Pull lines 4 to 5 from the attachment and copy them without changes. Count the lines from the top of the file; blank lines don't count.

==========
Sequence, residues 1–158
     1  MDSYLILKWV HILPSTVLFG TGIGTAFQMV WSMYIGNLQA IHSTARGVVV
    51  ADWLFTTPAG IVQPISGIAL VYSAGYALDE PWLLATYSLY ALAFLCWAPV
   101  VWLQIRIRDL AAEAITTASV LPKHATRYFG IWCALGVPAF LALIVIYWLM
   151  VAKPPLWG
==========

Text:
   101  VWLQIRIRDL AAEAITTASV LPKHATRYFG IWCALGVPAF LALIVIYWLM
   151  VAKPPLWG